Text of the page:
My new year’s resolution is to lose weight and embrace a more active lifestyle. How do you recommend I get started?
Many people fail at new year’s resolutions because goals must be:
SPECIFIC: What changes are you willing to make to lose weight and get more active? Evaluate your diet, and be honest with yourself. Think it through. Clean out the pantry and fridge. Practice meal prep and portion control. Cut out high calorie beverages and snacks that lack nutrition. One soda a day results in a 16-pound weight gain a year. Check your phone, what’s your average steps per day? Start moving more and increase your average! Find some activities you enjoy, try a workout partner or class, also sit less.
MEASURABLE: Have a concrete number that you want to lose within a certain time. I want to lose 10-pounds in 12 weeks to start. Weigh yourself at least once a week and record it. Create a calorie deficit of 500 calories a day. Track your food and activity. There are lots of tracking devices available. Know the numbers.
ATTAINABLE: Don’t set a goal that is not possible to reach. A healthy rate of weight loss is one pound every seven to ten days. Be realistic. Start modifying your diet at a rate you know you can sustain. If you haven’t been exercising you may not be able to start where you left off or stick to a serious regiment for long. Ease back in to exercise and give your body time to adapt. Don’t fall off the wagon if you make a mistake. Get right back to it.
RELEVANT: The changes you make should be directly related to the goal of losing weight and becoming more active. Define what that means to you.
TIMELY: There needs to be a due date on the objective. Increasing physical activity by a certain amount by a certain date is how you set a SMART health goal.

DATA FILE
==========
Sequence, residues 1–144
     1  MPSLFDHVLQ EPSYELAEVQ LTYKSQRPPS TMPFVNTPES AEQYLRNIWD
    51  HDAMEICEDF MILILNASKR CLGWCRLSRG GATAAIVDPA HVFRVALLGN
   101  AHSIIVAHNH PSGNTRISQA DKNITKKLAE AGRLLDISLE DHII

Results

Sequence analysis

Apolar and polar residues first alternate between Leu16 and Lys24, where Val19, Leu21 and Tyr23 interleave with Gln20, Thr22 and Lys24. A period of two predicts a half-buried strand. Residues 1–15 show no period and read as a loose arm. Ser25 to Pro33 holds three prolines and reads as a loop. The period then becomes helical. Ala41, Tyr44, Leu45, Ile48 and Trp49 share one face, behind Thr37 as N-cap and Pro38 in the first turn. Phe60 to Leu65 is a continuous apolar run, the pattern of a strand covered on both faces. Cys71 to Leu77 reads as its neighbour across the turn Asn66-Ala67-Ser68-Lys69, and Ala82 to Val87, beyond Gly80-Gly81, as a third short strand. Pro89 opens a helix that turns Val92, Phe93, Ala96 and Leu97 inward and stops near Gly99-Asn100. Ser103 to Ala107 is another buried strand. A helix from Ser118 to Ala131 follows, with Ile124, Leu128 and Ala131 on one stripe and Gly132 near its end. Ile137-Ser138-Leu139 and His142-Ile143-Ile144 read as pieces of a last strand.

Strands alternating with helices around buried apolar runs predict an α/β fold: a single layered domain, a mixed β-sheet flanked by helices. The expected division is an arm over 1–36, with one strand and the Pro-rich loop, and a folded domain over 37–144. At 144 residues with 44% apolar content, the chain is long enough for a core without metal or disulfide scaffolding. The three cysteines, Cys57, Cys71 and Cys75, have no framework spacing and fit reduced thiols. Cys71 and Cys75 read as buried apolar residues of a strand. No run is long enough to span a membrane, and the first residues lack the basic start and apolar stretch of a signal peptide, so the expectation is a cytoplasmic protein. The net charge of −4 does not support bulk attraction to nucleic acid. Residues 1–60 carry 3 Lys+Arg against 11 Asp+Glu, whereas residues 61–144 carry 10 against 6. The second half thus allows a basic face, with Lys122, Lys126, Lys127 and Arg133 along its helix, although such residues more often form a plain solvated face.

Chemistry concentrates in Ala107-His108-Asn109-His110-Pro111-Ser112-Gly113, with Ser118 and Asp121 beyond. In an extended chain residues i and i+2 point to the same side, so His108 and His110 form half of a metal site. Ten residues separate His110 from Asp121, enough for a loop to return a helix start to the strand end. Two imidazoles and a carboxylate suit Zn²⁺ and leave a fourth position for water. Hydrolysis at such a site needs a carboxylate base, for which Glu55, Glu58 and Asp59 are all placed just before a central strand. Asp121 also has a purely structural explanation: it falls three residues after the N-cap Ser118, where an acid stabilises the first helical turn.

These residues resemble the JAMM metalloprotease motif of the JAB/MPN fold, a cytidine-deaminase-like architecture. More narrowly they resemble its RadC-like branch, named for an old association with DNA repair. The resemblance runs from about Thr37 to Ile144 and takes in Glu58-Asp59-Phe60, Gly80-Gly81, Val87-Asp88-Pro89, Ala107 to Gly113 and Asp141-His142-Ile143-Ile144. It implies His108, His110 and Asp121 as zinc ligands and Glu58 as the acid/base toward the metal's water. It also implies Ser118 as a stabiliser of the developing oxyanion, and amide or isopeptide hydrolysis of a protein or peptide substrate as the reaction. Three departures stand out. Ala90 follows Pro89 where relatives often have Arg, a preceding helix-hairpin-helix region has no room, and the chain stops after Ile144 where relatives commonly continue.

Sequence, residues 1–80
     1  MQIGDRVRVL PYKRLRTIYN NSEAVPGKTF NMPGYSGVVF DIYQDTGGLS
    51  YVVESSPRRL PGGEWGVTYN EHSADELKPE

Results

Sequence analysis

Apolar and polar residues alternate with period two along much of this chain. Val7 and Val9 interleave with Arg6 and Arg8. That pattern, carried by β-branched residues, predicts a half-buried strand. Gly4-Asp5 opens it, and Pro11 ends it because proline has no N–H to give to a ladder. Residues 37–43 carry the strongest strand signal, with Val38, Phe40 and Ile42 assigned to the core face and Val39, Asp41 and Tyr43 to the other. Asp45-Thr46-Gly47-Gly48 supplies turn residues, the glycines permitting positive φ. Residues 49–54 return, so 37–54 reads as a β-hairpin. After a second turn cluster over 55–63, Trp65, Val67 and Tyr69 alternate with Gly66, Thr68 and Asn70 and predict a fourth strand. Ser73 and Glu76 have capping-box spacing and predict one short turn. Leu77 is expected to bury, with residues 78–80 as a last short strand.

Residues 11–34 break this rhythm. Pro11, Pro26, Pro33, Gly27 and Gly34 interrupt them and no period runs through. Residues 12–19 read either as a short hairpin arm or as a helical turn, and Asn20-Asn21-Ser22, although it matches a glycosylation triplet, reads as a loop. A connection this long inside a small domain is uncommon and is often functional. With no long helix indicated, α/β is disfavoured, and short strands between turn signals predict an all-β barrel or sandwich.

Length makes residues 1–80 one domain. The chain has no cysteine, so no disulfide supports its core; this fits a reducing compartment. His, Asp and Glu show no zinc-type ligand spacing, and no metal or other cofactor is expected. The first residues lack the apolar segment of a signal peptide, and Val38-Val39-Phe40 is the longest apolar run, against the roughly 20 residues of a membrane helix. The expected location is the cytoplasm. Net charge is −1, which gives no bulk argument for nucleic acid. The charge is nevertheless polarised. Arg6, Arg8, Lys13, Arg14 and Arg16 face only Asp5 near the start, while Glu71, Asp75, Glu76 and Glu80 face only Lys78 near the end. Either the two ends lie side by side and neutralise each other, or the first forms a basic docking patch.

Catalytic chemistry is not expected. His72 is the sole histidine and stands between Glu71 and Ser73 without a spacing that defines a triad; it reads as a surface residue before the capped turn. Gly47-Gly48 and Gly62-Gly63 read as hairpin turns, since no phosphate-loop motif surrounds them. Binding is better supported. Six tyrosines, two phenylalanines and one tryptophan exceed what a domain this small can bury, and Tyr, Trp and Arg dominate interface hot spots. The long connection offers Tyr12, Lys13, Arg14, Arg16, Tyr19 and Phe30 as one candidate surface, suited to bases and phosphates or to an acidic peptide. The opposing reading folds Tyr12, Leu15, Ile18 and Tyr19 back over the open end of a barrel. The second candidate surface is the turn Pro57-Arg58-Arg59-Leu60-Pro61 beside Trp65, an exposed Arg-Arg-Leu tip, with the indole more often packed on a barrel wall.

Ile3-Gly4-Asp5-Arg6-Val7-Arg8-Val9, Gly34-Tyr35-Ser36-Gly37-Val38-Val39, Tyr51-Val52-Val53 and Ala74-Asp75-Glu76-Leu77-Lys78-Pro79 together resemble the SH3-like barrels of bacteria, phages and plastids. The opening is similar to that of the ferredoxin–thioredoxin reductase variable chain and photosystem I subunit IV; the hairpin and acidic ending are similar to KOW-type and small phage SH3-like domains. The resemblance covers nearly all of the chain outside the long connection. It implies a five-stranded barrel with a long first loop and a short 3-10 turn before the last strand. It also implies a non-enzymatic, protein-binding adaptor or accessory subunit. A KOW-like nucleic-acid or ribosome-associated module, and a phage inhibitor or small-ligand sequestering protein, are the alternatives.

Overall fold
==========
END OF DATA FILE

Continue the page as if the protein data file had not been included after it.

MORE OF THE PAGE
Plan for setbacks and what you will say to yourself when you want to quit. Plan for Mardi Gras, which derails many resolutions in our area. Setting goals is crucial to success. Why? Because they hold you accountable, keep you motivated and give you a way to measure success. There are some specific guidelines when setting goals to adhere to in order to make them attainable. By following the SMART guidelines, you’ll create goals for yourself that will increase the likelihood of you hitting them, which is the ultimate goal.
My parents are aging and not able to get around as much anymore. What are some simple exercises they can do to keep from becoming sedentary?
Gardening, dancing and washing cars are all physical activities. If they don’t do much of that anymore, here are some ideas. If your parents are in a Medicare advantage plan, they can get a free membership at area health clubs that have senior programming. Some offer transportation. The hospital-based programs at their wellness centers offer the most programming for a wide spectrum of conditions and disabilities, taught by a trained staff. Some community centers also offer senior exercise classes free too. This offers a social element. Physicians can also recommend some home health care sessions with a PT designed to preserve or improve daily activities. Medicare and some insurance plans cover this. It’s important to do some type of cardio, like a stationary bike or just walking, if they are still able to ambulate for their cardiovascular fitness. Preserving leg strength is essential, have them squat to a chair with good posture. The elderly often have trouble getting out of deep, soft furniture. Rubber tubing is perfect for an upper body routine, seated in a chair or standing. Some light dumbbells in weights of three, five or seven pounds could also be used. Resistance training is important for strength and bone density. Flexibility and balance also need to be included. There are lots of resources available online.
Carla Gray, BSES, HFS, CPT is a persoal trainer and can be reached at
firstname.lastname@example.org or (504) 885-7855.